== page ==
Counter-Strike: North America’s Biggest Problem Isn’t Skill

In the Wild Wild West that we call North American Counter-Strike, drama seems to be their only constant.

In the Wild Wild West that we call North American Counter-Strike, drama seems to be their only constant. Aforementioned “confusion, disparity, rage and even distrust to those who were affected” in today’s article, we will focus on the seemingly-never-ending-drama that plagues our nations worst – and best players.

For years I remember signing in, playing a match and remembering that one guy who would always insult another for no apparent reason and I would always ignore it, try to help them out but to no avail. I figured “it’s the internet, lets move on” in which I did — all the time. I continued, “It’s the internet and that’s how it works”. No one is exempt from manipulative and oppressive subjugation because people are trolls and you can’t help it.

In addition to these insults, there came the drama. Online quarrels with real life friends or people you play video games with mutually. I’ve had my share of these during my time of running teams on a semi-professional level. There were always those heated moments where people would say regrettable things later on and apologize a day later, then we’d move on to playing the game we loved, laughing and enjoying the experience.

My favorite game growing up in the youthful console era, was Call of Duty 4, an amazing game even to today’s standards, but it wasn’t excluded from trolls and drama queens. If you think about it online harassment and lets say conundrums. That was and is still a growing problem today. Anonymity for the most part is the main reason why people say disgusting and brutally subjective things. They don’t know you, they don’t care if you feel sad or “salty” after their lashings.

To be fair North America isn’t the only country to deal with this plague-like behavior, it’s international. Now what apparently feels like it does only occur are the endless disputes between professional players, their organizations and teammates in what seem rampantly isolated in our nation. Weeks of fall out after the “NA Shuffle” we have this. Players hating other players, organizations hating players, and organizations hating other organizations.

None have made it more public than Counter Logic Gaming which some members have gone out and publicly stated their feelings toward specific ex-teammate, Peter “ptr” Gurney. What interests me isn’t the fact that he was “benched” or “cut” but the organization, but the problematic incidents of drama that I mentioned earlier on this report. When does one air dirty laundry if ever? Is it okay to publicly ridicule your teammates current or former to a certain extent?

             (Peter “ptr” Gurney pictured far right with former team, CLG)

That stories reveal will be left for another day. I’m simply uninterested in drama, yes, I’m not willing or wanting to report on the troubles of a team.. I’m tired of it. I’d like to go over the larger, grander problem that is resonating with our peers in North America. The problems of drama, professionalism, integrity, and respect. If we don’t respect these concepts, what else does one have to fall back on?

Our GEO location for eSports has some of the best talented youth currently holding seat under some of the greatest eSport banners in the USA. We shouldn’t have our professionals running around hissy fitting and arguing with a player or even a community. What ever happened to embodying the notion of a true professional? Be professional, bite your tongue if you feel like you’ll do or say something terrible.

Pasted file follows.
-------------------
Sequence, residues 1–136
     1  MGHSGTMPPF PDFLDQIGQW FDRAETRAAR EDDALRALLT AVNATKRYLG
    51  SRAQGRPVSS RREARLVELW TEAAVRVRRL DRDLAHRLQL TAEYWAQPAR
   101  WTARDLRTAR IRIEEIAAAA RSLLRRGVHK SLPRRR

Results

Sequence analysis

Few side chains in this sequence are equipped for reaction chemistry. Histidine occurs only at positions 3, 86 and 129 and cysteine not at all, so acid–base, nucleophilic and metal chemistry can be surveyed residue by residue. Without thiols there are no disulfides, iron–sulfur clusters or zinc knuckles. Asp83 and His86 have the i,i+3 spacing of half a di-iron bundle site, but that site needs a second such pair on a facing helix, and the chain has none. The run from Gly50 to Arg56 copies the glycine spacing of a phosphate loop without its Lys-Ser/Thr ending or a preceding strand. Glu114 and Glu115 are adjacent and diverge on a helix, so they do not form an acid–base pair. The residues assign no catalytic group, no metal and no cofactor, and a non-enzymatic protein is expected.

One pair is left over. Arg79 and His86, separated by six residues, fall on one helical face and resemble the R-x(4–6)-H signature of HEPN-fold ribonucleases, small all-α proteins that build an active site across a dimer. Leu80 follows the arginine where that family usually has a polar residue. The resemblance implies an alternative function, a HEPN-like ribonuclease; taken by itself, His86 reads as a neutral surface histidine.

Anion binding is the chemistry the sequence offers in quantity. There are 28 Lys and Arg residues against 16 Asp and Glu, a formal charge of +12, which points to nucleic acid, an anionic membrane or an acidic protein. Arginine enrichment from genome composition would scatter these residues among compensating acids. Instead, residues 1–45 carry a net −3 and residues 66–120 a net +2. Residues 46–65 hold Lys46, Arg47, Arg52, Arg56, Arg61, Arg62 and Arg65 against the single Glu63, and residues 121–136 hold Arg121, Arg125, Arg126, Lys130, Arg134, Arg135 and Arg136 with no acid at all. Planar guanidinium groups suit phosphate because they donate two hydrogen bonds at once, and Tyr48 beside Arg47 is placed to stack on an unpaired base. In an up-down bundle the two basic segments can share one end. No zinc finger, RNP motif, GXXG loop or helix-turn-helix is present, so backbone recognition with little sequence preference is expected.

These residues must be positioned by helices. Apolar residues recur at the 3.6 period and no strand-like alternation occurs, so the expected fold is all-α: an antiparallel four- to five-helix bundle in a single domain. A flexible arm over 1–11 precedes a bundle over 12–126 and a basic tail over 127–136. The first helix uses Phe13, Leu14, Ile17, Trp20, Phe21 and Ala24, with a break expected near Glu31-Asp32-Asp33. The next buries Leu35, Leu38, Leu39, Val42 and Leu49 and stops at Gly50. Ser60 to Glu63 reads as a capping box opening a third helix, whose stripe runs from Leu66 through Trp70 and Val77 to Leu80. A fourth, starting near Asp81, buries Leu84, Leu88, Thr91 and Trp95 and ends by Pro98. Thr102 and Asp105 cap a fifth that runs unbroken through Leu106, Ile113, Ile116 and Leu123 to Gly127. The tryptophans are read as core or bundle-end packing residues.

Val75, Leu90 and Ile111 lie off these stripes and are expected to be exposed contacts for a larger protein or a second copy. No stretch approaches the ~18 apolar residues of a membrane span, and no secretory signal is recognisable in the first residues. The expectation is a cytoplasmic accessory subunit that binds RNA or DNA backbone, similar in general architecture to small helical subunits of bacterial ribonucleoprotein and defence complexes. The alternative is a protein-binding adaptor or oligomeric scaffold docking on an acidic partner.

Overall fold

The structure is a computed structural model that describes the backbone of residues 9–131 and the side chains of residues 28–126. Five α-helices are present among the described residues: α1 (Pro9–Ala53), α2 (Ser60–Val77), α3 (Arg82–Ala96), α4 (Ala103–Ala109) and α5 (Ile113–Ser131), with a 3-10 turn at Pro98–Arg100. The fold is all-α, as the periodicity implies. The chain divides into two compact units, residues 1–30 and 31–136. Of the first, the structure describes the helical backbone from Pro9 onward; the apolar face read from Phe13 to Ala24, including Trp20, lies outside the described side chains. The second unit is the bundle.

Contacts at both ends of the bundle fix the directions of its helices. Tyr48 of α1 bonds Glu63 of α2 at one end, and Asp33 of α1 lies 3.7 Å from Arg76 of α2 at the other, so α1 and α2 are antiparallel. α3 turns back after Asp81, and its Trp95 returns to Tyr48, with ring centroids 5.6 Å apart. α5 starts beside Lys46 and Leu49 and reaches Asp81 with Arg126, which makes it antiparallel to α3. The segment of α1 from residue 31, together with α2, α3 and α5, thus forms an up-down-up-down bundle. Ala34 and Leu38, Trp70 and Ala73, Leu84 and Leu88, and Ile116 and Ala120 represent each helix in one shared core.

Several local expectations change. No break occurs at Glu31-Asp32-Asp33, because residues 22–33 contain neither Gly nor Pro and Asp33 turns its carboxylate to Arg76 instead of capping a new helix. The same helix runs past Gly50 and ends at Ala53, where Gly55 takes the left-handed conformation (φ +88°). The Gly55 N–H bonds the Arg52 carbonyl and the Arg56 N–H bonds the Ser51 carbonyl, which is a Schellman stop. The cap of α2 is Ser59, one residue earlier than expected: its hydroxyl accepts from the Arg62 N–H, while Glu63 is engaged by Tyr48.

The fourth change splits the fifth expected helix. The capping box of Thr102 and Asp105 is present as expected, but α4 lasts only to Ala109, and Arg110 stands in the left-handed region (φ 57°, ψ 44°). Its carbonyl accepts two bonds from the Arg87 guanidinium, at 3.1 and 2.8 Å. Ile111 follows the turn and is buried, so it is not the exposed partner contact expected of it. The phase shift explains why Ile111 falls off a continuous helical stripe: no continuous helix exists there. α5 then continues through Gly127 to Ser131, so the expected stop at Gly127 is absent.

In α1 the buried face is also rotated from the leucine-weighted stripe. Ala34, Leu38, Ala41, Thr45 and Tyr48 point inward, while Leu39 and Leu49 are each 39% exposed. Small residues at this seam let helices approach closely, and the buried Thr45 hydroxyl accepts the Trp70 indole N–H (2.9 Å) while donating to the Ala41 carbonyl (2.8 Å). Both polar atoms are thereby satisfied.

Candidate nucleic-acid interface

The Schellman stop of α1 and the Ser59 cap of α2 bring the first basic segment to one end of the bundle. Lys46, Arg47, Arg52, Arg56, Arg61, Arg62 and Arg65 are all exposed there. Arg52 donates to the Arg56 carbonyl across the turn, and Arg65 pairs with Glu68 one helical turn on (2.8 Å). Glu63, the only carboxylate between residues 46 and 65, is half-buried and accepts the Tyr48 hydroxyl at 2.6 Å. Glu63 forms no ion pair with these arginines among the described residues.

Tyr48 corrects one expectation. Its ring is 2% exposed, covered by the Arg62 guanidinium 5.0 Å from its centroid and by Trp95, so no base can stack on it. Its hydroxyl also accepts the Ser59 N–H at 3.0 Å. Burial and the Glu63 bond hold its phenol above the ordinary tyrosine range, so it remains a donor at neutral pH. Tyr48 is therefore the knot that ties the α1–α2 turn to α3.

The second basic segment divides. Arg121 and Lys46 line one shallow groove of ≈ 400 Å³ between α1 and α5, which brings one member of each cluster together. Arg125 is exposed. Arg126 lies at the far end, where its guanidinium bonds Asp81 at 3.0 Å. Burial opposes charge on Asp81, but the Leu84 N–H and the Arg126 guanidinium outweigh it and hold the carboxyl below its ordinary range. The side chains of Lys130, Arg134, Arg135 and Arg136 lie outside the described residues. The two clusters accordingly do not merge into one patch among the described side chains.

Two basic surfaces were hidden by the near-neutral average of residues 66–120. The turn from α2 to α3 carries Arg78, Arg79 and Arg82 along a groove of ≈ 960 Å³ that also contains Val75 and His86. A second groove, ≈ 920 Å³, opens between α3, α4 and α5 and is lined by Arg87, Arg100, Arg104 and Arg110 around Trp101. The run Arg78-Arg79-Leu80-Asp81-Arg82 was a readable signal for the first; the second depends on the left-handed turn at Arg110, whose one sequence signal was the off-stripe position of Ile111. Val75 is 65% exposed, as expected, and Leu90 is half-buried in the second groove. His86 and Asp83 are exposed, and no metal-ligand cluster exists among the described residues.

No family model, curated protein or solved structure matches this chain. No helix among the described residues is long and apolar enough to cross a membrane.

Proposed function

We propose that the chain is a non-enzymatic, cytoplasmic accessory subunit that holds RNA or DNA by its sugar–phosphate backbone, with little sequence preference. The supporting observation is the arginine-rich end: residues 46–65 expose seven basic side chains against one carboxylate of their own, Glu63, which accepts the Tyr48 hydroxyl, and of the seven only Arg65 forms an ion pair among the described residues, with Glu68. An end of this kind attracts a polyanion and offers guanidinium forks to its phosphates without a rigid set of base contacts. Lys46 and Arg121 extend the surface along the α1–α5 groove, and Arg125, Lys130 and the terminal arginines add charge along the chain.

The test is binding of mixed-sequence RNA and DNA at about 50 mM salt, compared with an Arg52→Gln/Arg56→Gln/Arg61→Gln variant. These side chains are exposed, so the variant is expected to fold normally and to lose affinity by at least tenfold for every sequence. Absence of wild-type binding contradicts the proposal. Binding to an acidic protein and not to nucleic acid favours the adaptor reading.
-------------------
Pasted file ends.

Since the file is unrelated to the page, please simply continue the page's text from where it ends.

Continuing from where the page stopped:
NA CS isn’t the first or the last when it comes up to eSport incidents, LoL, Smash, and other professionals have gotten fired or worse, unhirable after making offensive, disgusting, racist remarks but here, it seems like organizations don’t care for accountability. The PR teams are asleep — constantly, no apologies are issued and nobody ever recognizes the issue. I said this before, but how can we win a major when we can’t even keep a secret.

North America is ridiculed and stereotyped all over the forum boards, Reddit, HLTV — the minute they catch on to some drama it will blow up on everyone’s face just to die out and re-emerge or a new drama-filled story comes out which tarnishes the reputation of the whole continent. This is a contributing factor to what has become of the represented mass of players who become arrogant, cocky, and don’t care about the ramifications of their actions.

In addition to what seems like another growing problem are the reasons for their inevitable losses at the hands of our European overlords counterparts are the lack of transparency. We’ve seen our members give up, or not try hard enough, not try new things and when a spectator comments on their performance and voices feedback, they lash out or simply oust them as a traitor for their following to rip them apart.

Now again, I’m not saying NA are the only ones. EU has had its fair share of problems with integral incidents but it’s more common to hit the limelight here in the time where we mostly need solidarity in our lives. We as spectators and fans can only hope for the best and we with or without their approval will always be there to voice our feedback in the times where they may not want it.

I made a video regarding a subject on my personal channel in a podcast-esque commentary style to voice my opinions. It’s something I feel like everyone should do as fans. We reserve that right to be subjective and constructive toward the people who will represent us in the main stage at major international championships. For North America to succeed there needs to be several changes, including these incidents of he said she said.

It’s time to grow up American prospects. If you won’t be accountable for your actions by your organizations, the players will continue to.